27 June 2008


For the most part, I grew up without a garden. Although my mother was an excellent cook and my parents loved vegetables, we lived in the woods for most of my childhood, making a garden nearly impossible between the hungry wildlife and the lack of direct sunlight. One year my tomato-loving father was determined to grow a couple tomato plants. He planted them right next to the sunny side of the house, assuming the plants' proximity to the house would deter foraging animals, and he looked forward to eating fresh homegrown tomato sandwiches. One late summer afternoon my mother looked out the window and discovered a groundhog happily chomping away on the ripest tomato. She hurried outside to scare away the critter, but it defied her best attempts to frighten it by yelling and threatening it with a handsaw. Instead, it merely cowered under the tomato plant and kept munching. She gave up and returned to the house, and my father stopped trying to grow produce in the woods.

Not only did I grow up without learning how to garden, but I also seem to have inherited my mother’s lack of a green thumb. Like her, I have not had much luck keeping houseplants alive. For example, as a fan of fresh basil, I bought a basil plant last year and transplanted it into a nice pot. During the summer, it sat on my deck. When fall came, I moved it inside near a sunny window. All went well, and I had as much fresh basil as I wanted until Christmastime arrived and I visited family for four weeks, completely abandoning my plant, which was only a dead twig when I returned home.

This summer I’m giving plants a second try, and this time I’ve branched out to include tomatoes. I don’t have garden space since I live in an apartment, so I’m growing a basil plant and two tomato plants (Big Beef and Marglobe varieties) in containers on my deck. So far they seem to be doing well. I’m looking forward to lots of fresh basil and tomatoes later in the summer.

In the meantime thinking of tomatoes and basil made me crave eggplant parmesan, so I made some. The process of dipping the eggplant slices into flour, then the egg-and-milk mixture, then the bread crumb mixture may seem tedious, but it’s the best method I’ve found of getting the heavy crust that I like on the eggplant. Once you have the assembly line set up, it’s not so bad. I like to serve eggplant parmesan with spaghetti or angel hair with tomato-basil sauce, garlic bread, and a classic green salad.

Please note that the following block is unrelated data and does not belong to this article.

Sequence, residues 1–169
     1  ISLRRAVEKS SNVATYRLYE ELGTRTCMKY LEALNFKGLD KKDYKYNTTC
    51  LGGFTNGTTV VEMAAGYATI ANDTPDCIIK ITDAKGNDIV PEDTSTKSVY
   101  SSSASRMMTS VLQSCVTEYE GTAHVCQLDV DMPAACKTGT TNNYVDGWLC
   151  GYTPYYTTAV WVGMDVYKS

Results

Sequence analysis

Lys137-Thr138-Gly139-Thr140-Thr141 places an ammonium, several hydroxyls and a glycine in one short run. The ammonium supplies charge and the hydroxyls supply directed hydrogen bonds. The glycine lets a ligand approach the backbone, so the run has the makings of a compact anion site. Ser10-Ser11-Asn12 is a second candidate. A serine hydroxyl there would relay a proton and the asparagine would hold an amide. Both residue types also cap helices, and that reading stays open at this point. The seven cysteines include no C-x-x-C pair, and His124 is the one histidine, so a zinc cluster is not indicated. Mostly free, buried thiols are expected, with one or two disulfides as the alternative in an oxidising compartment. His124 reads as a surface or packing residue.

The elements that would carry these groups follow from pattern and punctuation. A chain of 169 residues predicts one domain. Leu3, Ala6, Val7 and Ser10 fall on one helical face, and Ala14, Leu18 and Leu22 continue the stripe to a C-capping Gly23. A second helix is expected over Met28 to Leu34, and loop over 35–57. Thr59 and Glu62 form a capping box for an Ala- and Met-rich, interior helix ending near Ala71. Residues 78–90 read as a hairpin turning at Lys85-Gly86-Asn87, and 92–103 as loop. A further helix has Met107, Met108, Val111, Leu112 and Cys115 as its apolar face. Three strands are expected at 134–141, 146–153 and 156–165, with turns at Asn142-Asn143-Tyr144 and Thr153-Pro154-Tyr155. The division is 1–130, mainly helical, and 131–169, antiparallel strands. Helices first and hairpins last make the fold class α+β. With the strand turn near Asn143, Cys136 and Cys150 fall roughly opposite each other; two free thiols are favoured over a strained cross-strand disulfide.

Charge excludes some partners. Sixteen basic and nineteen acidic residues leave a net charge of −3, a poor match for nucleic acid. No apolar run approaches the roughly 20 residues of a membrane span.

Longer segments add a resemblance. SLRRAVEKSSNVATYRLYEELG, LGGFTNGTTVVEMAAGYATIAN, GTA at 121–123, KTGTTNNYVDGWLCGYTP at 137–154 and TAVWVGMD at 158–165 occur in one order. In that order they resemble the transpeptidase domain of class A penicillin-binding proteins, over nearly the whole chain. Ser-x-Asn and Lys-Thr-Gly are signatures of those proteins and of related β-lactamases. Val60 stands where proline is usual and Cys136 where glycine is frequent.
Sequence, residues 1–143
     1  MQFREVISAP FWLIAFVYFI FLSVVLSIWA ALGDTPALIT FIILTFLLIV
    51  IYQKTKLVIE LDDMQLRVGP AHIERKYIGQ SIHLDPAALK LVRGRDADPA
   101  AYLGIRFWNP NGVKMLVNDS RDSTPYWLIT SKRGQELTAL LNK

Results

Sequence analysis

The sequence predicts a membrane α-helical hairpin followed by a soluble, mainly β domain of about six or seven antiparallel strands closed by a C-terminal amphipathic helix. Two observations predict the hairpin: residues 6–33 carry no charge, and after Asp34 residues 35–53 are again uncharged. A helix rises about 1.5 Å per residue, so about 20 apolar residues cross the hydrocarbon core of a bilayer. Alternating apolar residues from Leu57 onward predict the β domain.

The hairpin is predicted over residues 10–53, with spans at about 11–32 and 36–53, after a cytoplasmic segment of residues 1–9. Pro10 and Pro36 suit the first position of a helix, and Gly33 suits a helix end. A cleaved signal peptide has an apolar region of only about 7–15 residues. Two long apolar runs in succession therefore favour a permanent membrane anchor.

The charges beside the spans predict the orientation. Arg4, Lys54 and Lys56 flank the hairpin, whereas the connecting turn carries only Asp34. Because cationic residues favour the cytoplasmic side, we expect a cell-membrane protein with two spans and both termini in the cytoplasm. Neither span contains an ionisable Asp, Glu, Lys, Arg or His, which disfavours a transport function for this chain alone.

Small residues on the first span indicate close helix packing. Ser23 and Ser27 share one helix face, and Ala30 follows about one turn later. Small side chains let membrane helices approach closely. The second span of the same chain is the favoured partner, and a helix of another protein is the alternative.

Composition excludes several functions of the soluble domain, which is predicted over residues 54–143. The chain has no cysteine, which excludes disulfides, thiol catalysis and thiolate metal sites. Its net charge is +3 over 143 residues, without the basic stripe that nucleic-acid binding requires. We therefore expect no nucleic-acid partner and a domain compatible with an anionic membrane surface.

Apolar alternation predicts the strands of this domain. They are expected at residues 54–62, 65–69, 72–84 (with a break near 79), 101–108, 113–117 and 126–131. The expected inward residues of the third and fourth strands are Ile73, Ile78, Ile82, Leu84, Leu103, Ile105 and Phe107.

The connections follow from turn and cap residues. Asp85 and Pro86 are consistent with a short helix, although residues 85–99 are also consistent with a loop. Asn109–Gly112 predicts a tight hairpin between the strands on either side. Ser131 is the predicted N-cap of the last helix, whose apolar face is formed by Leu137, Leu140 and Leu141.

½ cup all-purpose flour
1 teaspoon salt
1-2 eggs
1-2 tablespoons skim milk
¾ cup Italian seasoned dry bread crumbs
cup finely shredded Parmesan cheese
1 eggplant (about 1 pound), peeled and cut into ¼-inch slices
Olive oil for frying (about cup)
Nonstick cooking spray
1½ cups tomato-basil pasta sauce
1 cup (4 ounces) shredded mozzarella cheese
1 tablespoon minced fresh basil

1. In a shallow bowl, stir together flour and salt. In another shallow bowl beat together 1 egg and 1 tablespoon milk, reserving the additional egg and milk in case you need more egg wash. In a third shallow bowl, stir together bread crumbs and Parmesan cheese. Dip eggplant slices into flour mixture to coat. Dip the slices into egg mixture, then coat both sides with crumb mixture.
2. In a 12-inch cast iron skillet, heat 1 tablespoon of olive oil over medium heat. Add eggplant slices; cook for 3-4 minutes on each side, or until lightly browned. Add more oil as necessary during cooking.
3. Preheat oven to 350 degrees. Spray an 8-inch square baking dish with cooking spray. Spread ¼ cup pasta tomato-basil pasta sauce in the bottom of the dish. Add a layer of eggplant followed by more sauce. Repeat until eggplant is used up, ending with the last of the sauce. Top with cheese. Bake for 20-30 minutes, or until bubbling. Top with basil. Serve immediately.

Makes 6 servings.

Nutrition facts per serving: 351 calories, 23 g total fat, 49 mg cholesterol, 910 mg sodium, 22 g carbohydrates, 3 g fiber, 9 g sugars, 11 g protein.

After frying eggplant, place a few slices of eggplant between two pieces of artisan bread spread with mayonnaise and layered with sliced mozzarella cheese, fresh baby spinach, sliced tomato, and a leaf or two of fresh basil.

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